December 15, 2010
For a shoot I’ll be doing soon, I need a big-ish light source a little more directional than my usual umbrella, so I decided to throw together a little posterboard softbox. I thought I’d have it together in a snap and move on to shooting my subject tonight, but it turned out to be a much, much more time-consuming endeavor than I’d intended. In the process I came up with some templates for the pieces and thought I’d share them, along with a little review and some instructions.
The softbox is a little more than four times the size of the bare flash head. It’s not a whole lot softer than a bare strobe at any significant distance, but in close it does pretty well. In my case, it’s going to be used on a snow globe, so I’ll be working with a light source almost as large as my subject at close range. I got my girlfriend to let me use her as a guinea-pig for some test shots, and in close it makes a half-decent key light for a portrait. At that kind of range, though, falloff is fast, so it’s important to have a good fill light to back you up.
Putting it together is a little time consuming, but not too difficult. Just grab the template files and print them at 200 DPI, two copies each of the side and top/bottom templates, and one of the panels template. Super-glue the sides and top/bottom templates to a sheet of black posterboard, cut them out, and cut notches so that you can fold the flaps on the edges down. Once the flaps are folded down, you’ll want to cut the copy paper off of the flaps so that the posterboard pieces stick together well, but leave it on the inside of the softbox. Glue all four pieces together (a little bit of superglue on the flaps should do the trick) at the base that wraps around the flashhead, and then glue the smaller diffusion panel (I just cut the panels straight out of white copy paper) in place right where the softbox starts to widen up. You may need to cut the smaller panel down a little bit to make it fit in there: in mine, the flaps of the outer pieces made it a little difficult to fit in. The smaller panel diffuses the light before it gets to the actual surface of the softbox, to make sure that you get a nice evenly lit surface on the front. I haven’t tested it, but I suspect that without that panel the base of the softbox would act as a snoot, and you’d get a nasty hotspot in the middle of the outer diffusion panel.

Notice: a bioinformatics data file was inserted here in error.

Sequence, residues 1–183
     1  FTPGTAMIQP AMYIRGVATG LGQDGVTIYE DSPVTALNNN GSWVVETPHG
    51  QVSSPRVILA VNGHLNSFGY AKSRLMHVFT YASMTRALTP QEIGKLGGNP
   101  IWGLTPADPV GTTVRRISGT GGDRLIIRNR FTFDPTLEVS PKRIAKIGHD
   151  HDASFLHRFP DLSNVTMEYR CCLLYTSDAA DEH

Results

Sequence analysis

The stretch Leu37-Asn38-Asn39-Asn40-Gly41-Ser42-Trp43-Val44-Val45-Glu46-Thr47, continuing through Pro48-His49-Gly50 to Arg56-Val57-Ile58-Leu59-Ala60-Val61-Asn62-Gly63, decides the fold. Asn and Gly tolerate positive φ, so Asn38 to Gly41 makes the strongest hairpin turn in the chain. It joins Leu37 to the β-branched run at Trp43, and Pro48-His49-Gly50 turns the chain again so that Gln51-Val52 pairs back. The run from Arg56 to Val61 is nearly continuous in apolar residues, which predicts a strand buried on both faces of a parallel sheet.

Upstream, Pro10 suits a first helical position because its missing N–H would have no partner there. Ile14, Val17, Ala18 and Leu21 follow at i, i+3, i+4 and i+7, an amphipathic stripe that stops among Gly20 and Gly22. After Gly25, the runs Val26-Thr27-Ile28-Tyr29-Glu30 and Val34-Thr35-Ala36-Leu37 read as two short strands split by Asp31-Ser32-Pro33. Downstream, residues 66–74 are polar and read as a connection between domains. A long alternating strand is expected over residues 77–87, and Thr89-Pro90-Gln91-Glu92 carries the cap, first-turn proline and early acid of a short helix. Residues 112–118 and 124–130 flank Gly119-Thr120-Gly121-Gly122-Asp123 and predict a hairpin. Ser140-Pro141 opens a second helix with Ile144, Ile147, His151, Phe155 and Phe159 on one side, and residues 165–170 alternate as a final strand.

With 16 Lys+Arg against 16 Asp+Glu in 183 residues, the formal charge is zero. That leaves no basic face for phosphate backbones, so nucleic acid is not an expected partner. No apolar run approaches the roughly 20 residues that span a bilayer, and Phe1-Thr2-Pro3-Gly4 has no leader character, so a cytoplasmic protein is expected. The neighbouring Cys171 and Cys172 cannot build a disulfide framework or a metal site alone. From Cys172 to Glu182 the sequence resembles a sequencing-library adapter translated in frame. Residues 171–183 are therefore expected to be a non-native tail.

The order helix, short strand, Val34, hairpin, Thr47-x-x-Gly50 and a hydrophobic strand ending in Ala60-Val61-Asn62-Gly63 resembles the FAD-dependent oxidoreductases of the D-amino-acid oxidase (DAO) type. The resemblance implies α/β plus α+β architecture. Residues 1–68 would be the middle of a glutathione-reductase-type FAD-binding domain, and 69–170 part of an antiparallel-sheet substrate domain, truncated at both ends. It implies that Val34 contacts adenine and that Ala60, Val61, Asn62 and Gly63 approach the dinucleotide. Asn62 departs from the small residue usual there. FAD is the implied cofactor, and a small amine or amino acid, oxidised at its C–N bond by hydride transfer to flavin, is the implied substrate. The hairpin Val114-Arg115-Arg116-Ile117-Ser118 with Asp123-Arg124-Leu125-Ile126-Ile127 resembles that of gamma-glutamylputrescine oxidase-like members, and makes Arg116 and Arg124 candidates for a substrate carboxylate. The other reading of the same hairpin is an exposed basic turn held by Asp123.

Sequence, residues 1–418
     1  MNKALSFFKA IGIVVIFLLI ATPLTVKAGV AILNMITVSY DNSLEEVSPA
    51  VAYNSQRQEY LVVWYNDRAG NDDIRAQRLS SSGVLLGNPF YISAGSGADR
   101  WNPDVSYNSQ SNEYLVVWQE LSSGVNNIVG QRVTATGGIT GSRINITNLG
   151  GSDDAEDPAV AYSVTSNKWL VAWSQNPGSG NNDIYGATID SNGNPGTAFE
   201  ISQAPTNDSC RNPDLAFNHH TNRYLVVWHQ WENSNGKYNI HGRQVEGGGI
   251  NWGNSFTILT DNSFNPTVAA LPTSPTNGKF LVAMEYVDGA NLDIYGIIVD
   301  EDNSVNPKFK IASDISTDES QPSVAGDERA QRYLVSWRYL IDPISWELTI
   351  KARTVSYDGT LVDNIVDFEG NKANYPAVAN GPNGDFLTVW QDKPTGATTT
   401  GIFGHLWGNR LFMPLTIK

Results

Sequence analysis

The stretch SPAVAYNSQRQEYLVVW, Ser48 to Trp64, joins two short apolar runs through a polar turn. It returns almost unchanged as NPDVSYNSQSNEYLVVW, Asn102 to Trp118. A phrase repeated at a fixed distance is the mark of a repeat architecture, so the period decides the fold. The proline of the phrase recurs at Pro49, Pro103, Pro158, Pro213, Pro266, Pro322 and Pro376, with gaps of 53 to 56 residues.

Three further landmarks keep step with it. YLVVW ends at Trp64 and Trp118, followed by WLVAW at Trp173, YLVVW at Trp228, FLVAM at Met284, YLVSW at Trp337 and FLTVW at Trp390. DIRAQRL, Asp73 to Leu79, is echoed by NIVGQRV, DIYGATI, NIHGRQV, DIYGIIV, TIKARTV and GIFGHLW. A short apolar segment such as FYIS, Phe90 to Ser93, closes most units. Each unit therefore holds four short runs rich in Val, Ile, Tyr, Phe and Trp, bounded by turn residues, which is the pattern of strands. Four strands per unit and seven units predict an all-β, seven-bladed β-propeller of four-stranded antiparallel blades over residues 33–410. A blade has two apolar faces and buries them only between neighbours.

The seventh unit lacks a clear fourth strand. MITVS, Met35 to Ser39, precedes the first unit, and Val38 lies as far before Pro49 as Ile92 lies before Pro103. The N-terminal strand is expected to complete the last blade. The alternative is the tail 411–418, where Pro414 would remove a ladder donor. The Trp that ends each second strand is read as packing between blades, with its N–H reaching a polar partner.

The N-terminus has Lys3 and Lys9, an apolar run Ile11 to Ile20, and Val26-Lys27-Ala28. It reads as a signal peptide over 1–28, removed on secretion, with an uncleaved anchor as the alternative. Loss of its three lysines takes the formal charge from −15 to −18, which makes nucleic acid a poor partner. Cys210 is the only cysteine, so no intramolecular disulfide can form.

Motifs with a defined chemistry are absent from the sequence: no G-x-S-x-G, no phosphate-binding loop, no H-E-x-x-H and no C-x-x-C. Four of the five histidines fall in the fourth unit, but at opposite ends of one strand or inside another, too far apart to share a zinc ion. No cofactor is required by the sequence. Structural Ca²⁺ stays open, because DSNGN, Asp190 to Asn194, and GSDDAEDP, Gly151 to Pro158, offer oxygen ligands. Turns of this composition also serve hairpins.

With the small diffusion panel in place, just glue the rest of the softbox frame together by the flaps. Before attaching the outer diffusion panel, you’ll need to trim a little bit off the front of the frame where the flaps stick out; sorry, I didn’t take the time to properly bevel them in the template. Then just cut out the larger diffusion panel and glue it in place on the front. I glued it with the flaps on the outside, but if you’re reallyadventurousyou can try to get them glued down on the inside. Then just let it dry, and your softbox is ready. It should be just about the right size to stick on the front of an SB-25 or SB-26 with a little bit of velcro on the head, and it should also fit the 580EX, but I haven’t tried it on mine yet. If you have a flash with a smaller head, feel free to modify the templates and repost them. If it helps, I’ve uploaded the raw XCF files with the guidelines I used to draw the templates.